Guadalupe Nettel: Después del invierno (After the Winter)
This novel tells the story of two people, in alternate chapters. Claudio is Cuban. He lives in New York. Indeed, he has managed to buy a (very small) apartment in New York. He is fiercely independent and also very set in is ways. He follows a strict routine in pretty well everything he does. He has managed to persuade his neighbours (in New York!) that, as he comes home at 9 p.m., he does not want any noise after that time. So far, they have conformed. In turn, of course, he listens to music on headphones (Keith Jarrett, of course) and generally keeps very quiet. His role model is Theodor Adorno who was an independent intellectual, which is how Claudio sees himself.
Claudio does not, on the whole, mix with people and those friends he does mix with are very select and very intellectual. He avoids any contact with his neighbours. He works as a book editor but seems to prefer working more or less on a solitary basis and has relatively little contact even with his colleagues. He goes to New York arty parties and occasionally sees friends but that is all, though he generally considers artists as frivolous, egomaniacs or both. At one arty party, given by his friend Beatriz, a Swedish woman, he meets Ruth, fifteen years his senior. She is attractive and elegant. Gradually, they start a relationship, though he is very careful to keep her under control, seeing her only once a week and often not returning her calls. Their first date is to see Eric Rohmer’s Autumn Tale, which he describes as the ideal film because nothing happens in it.
Cecilia is Mexican. When she was young, her mother ran off with her lover and Cecilia has been brought up by her father and her grandparents. One day, when she went out (against the orders of her grandmother) she found a hillock in the garden and learns that it is a grave. Her grandmother refuses to tell her who is buried there but she starts to imagine it as the grave of her mother. She soon persuades her father to take her every week to visit the local cemetery, even though no-one she knew is buried there. She simply has a fascination for cemeteries.
At university she studies French literature at the local university (Oaxaca) and then goes off to Paris for further studies. Though her father has given her two names of people to contact, she is too shy to do so, so shares a room in a hostel with a Romanian woman who speaks only Romanian. She meets Haydée by chance and Haydée invites her to live with her in her flat, where she lives with her partner. Haydée is a wild French woman of Cuban origin, while her partner is an austere Indian. Haydée takes Cecilia out on wild bar crawl almost every night but, eventually, her liver gives out and she has to slow down. Cecilia decides that it is time to move and she contacts one of her father’s friends.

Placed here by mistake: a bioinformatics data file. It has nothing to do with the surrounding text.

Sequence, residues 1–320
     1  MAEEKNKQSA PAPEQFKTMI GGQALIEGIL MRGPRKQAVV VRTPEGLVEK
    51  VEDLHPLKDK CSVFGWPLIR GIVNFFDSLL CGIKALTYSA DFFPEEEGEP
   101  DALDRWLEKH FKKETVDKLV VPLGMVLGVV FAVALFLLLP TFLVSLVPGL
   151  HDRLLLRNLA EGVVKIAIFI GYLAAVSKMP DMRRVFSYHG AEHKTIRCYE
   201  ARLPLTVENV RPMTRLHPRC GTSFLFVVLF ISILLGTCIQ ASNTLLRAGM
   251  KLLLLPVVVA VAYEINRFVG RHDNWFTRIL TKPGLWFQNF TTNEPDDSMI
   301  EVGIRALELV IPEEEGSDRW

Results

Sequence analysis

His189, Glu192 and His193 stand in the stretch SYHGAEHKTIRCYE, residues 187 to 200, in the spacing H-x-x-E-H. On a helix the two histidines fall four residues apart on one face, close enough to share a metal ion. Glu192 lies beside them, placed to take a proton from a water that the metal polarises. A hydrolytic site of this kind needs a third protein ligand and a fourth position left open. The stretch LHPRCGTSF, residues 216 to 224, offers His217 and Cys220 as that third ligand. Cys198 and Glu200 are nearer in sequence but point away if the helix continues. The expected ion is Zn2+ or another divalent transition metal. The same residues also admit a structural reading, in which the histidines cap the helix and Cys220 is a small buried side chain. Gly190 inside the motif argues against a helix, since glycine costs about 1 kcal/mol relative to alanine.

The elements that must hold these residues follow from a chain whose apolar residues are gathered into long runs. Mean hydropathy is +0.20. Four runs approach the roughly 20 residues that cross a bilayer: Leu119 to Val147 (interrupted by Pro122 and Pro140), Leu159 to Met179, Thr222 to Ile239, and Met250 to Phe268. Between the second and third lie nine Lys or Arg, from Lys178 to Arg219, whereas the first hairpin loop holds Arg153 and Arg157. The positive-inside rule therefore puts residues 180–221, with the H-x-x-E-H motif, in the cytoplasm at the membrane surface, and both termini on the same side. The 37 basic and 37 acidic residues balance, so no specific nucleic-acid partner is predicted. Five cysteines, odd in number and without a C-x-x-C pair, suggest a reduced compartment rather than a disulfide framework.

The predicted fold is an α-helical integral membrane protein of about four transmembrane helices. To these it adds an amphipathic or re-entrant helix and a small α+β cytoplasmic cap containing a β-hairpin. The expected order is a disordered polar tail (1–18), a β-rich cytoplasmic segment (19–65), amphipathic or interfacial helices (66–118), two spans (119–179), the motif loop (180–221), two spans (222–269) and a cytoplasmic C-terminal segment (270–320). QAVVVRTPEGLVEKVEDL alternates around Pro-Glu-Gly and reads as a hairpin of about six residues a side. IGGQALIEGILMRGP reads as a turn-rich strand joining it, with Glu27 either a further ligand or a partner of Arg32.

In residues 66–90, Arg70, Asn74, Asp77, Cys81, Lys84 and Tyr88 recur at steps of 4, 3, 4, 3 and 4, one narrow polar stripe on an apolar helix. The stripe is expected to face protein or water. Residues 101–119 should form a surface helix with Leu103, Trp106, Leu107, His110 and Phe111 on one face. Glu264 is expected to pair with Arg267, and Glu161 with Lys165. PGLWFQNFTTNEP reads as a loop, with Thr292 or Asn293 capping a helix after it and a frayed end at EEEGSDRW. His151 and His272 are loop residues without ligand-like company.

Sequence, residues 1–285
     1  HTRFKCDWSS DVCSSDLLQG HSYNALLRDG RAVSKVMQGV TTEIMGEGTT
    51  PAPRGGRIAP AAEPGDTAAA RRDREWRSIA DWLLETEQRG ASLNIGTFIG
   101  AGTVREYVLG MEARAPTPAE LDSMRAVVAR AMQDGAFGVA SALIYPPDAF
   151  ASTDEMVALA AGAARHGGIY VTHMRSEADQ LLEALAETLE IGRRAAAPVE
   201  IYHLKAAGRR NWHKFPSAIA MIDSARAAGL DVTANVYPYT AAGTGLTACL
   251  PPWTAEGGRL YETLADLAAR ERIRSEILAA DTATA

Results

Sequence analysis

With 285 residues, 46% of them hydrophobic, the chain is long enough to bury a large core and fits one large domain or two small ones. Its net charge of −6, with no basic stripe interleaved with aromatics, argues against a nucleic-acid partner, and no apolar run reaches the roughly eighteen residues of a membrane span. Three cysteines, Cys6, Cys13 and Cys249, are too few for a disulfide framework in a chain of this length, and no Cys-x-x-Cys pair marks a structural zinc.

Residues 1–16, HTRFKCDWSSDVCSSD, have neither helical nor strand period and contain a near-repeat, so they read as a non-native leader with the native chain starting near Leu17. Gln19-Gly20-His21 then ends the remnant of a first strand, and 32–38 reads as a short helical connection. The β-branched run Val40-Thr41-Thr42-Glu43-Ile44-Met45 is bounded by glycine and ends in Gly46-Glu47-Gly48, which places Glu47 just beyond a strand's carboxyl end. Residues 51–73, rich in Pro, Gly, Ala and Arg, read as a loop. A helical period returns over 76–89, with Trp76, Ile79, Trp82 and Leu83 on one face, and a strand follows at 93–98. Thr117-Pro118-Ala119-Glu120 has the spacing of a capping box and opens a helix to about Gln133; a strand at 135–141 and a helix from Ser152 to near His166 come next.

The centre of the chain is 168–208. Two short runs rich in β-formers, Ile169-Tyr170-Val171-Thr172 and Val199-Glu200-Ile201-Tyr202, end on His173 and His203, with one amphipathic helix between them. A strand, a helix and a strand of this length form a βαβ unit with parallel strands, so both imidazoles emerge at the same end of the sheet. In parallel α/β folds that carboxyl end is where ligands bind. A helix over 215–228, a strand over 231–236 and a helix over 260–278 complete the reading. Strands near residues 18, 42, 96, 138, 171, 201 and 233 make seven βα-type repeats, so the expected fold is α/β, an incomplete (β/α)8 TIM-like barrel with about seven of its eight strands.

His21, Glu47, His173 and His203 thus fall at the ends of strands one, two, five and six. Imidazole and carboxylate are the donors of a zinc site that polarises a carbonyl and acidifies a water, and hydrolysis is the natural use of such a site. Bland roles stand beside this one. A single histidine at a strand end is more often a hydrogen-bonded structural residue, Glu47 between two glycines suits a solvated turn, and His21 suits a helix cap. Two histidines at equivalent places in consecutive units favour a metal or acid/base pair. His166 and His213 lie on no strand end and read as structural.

She gets a flat of her own, not very warm but overlooking the Père Lachaise Cemetery which she enjoys. The cemetery plays a key role in the book. Initially, she is both very cold (it is a very bad winter) and very lonely. She makes no friends and finds Parisians very strange, In particular, there seem to be a lot of people talking to themselves. To entertain herself, she keeps her radio on. One day there is a knock at her door and her neighbour has come to complain that the walls are very thin and she has had her radio on for five solid days. He – Tom, a man of Italian origin – and Cecilia soon become friendly (but not lovers). He is even more obsessed with cemeteries than she is. He also appears to be unwell. One day he tells her that he is going off to Sicily for a while and disappears, with only a postcard and message on her answering machine.
It is inevitable that Cecilia and Claudio will meet and when, after a rough patch, Ruth decides to take Claudio to Paris, we can be sure that they will meet. When we learn that Claudio had studied in Paris and that he is still in touch with his late girlfriend’s cousin Haydée, we can see how. They meet and, totally uncharacteristically, he falls for her at once. She also falls for him. But Nettel is too good a writer to make this one of those couple fall in love and live happily ever after novels. Things go wrong, various tragedies ensue, while Tom and Ruth still have a role to play.
This is certainly an interesting novel and helped by the fact that Nettel did not take it along the path it looked like following. However, the stories of both Claudio and Cecilia, while certainly enjoyable, are not terribly original: Cecilia, a part orphan living something of a solitary life, little romance in her life, escapes with the help of books, stuck alone in Paris (this must be one of the few Latin American novels to be highly critical of Paris), finds a non-romance with a sick man, Claudio brought up in socialist Cuba, in a large family group, who escapes with the help of books, becomes something of an ascetic, very rigid in his ways and very controlling in the few romantic relationships he has. Indeed, the way he falls in love at first sight with Cecilia is very unconvincing. He has said to his friend Mario Pero yo no quiero ser un hombre. ¿Me entiendes? ¡Quiero ser un robot! [But I don’t want to be a man. Do you understand? I want to be a robot.]. This is the attitude he more or less keeps throughout the book and while the point may be that the love of a good woman can save him, love at first sight does not seem very likely. Everything we know about Cecilia is that she is sweet, unassuming and not a sex kitten, the complete opposite of Ruth, for example, and, despite the effort to find similarities, it remains very much out of character. However, credit to Nettel for not giving us the obvious ending and for giving us a novel that deals with death as a major theme.
First published by Editorial Anagrama in 2014
First English translation by Maclehose in 2017
Translated by Rosalind Harvey